Why “Military First” is the wrong approach in the G5 Sahel

Why “Military First” is the wrong approach in the G5 Sahel

In the past week the United States, France and Russia pledged to increase their financial and military support to the G5 Sahel Joint Force, which consists of Niger, Burkina Faso, Mali, Chad and Mauritania, to fight terrorism and organized crime in the region. However, military efforts without a wider development strategy could just aggravate the security risks. 

On 30 October, the United States pledged $60 million to the Force, while the G5 Sahel countries and the EU also committed to contribute $57 million each. Similarly, France, the main supporter of this initiative, announced its intention to provide the taskforce with further financial, military and intelligence resources; with a view to combat terrorism and drug trafficking, restore state authority and implement development. Given the ongoing threat of terrorism in France, the country’s major involvement in the initiative is unsurprising. However, the plan suffers from significant obstacles and overall short-sightedness that will likely result in a slow, long-lasting rise of security risks in the region and abroad.

It remains unclear whether an enhanced G5 Sahel taskforce will be able to address the issues that the United Nations, US and France have not managed to solve in spite of their substantial financial contributions to the region. Indeed, France has had a military presence in Mali since 2013 through Operation Barkhane, and in the same year the UN launched its Multidimensional Integrated Stabilizations Mission in Mali (MINUSMA) with seemingly limited results in decreasing terrorism.

The structural challenges of fighting terrorism and crime 

The central issue that the G5 Sahel will face is that it will likely carry out asymmetric attacks on drug traffickers and armed fighters with very little consideration for the wider, socio-economic implications of terrorism and organized crime on the local population. Its plans to address structural issues such as unemployment, poverty, porous borders and political instability in the Sahel region are also extremely limited.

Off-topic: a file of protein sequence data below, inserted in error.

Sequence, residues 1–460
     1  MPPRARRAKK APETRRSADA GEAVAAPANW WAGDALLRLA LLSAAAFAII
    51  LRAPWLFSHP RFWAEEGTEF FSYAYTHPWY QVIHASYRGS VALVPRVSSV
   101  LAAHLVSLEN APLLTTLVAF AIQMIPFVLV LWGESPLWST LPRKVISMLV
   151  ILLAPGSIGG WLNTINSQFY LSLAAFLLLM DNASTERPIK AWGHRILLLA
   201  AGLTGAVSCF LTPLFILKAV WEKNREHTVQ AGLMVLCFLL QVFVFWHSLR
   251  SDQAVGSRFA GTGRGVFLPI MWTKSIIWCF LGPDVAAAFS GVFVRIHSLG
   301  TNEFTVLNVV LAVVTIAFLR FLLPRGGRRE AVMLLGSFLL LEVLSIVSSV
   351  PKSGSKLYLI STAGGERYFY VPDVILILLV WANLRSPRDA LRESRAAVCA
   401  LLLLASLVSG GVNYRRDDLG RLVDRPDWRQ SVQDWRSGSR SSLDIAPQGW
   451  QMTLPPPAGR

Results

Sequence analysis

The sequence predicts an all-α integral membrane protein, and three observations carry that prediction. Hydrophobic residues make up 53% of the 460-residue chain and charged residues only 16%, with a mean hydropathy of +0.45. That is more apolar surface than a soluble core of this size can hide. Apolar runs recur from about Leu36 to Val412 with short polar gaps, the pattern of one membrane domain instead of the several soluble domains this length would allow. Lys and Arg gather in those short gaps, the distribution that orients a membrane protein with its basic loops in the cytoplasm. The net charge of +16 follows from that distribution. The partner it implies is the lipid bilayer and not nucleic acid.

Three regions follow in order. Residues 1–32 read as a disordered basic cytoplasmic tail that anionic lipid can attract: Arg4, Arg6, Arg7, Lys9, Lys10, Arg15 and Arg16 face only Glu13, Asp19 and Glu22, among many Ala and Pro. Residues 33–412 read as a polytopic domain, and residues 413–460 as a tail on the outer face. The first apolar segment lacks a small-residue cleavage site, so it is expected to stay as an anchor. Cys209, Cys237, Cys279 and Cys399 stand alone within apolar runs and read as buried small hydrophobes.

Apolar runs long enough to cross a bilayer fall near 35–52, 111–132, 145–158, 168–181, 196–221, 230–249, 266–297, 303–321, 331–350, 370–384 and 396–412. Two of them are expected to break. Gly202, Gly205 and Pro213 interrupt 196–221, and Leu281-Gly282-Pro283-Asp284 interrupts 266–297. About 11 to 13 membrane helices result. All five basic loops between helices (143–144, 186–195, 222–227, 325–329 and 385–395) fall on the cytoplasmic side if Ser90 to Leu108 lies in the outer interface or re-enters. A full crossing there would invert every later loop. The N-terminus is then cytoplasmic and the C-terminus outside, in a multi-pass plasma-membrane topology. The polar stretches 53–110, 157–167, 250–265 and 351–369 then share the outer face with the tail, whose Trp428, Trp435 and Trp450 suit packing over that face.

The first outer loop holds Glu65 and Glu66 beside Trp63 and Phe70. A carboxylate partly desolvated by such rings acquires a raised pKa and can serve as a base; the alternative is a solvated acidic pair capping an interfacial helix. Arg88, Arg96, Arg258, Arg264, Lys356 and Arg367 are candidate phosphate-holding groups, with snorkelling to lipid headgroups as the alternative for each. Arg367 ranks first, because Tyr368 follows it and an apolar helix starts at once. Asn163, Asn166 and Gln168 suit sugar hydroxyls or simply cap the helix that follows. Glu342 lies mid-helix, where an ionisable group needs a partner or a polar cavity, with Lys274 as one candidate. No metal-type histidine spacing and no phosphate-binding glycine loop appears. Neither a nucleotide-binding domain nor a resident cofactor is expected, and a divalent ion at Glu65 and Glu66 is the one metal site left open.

Targeting groups engaged in criminal activities without proper planning is likely to aggravate the security crisis rather than offering solutions. Indeed, a more suitable approach would consider the delicate balance between illicit activity and its contribution to the informal economy, which provides livelihood for several local communities. Simply targeting such networks without providing viable alternatives will likely push the affected groups towards other illicit activities and armed organizations.

The ongoing security crisis in Mali could offer a glimpse into the risks involved in adopting a “military first” approach to regional issues. Not only does it highlight the link between criminal activity and impoverished communities, but it also demonstrates that some armed groups have been involved in funding the peace process. It would be very difficult, therefore, for the parties involved to address organized crime without involuntarily causing more violence and political instability. Moreover, while creators of the G5 Sahel recognize the need to implement an integral development strategy, security concerns firmly remain at the forefront, resulting in a problematic lack of development projects.

A Joint Force plagued by divisions 

The group also seems to be suffering from serious logistical flaws which, if unaddressed, may drastically undermine its effectiveness. Firstly, there are severe internal divisions. For instance, the group’s composition remains as unclear as its exact targets. Part of the issue is that the G5 Sahel is a relatively novel military initiative, in which foreign strategic and financial aid directly backs existing African armed forces. As such, the exact role of the United States and France is still undefined, potentially causing leadership disputes.

Secondly, the G5 Sahel suffers from reduced capacity, especially in comparison to similar regional initiatives, as well as from limited staffing and funding. Once again, the problem seems to lie in the group’s inception: right now, it is merely a tool of military regional cooperation, designed to complement existing regional efforts such as MINUMSMA and Operation Barkhane rather than a more comprehensive regional solution.

Lastly, the current lack of cooperation with other regional actors will significantly complicate the group’s mandate. Such actors include Algeria and Morocco, whose intelligence forces have deep knowledge on regional armed groups and could be included in long-term stabilization and development efforts in the Sahel. This kind of local assistance would be especially significant as G5 Sahel’s foreign troops operate in unfamiliar areas and with limited knowledge of the complex regional dynamics.

About Author

Benedetta Di Matteo

Benedetta obtained a LLM degree in International Laws from Maastricht University, specializing in Public International Law and International Relations. Benedetta worked as an open source analyst for Horizon Intelligence, a Brussels-based political risk firm, focusing on political and security trends in Latin America. She also completed a traineeship at the Council of Europe's Economic Crime and Cooperation Division. Benedetta focuses on international security issues, including transnational crimes.